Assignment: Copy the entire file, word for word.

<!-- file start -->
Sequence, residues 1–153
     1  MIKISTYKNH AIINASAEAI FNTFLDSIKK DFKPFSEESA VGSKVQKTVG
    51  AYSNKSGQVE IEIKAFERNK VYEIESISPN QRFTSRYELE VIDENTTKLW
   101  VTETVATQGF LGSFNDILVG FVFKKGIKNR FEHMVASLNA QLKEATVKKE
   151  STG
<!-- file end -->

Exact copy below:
Sequence, residues 1–153
     1  MIKISTYKNH AIINASAEAI FNTFLDSIKK DFKPFSEESA VGSKVQKTVG
    51  AYSNKSGQVE IEIKAFERNK VYEIESISPN QRFTSRYELE VIDENTTKLW
   101  VTETVATQGF LGSFNDILVG FVFKKGIKNR FEHMVASLNA QLKEATVKKE
   151  STG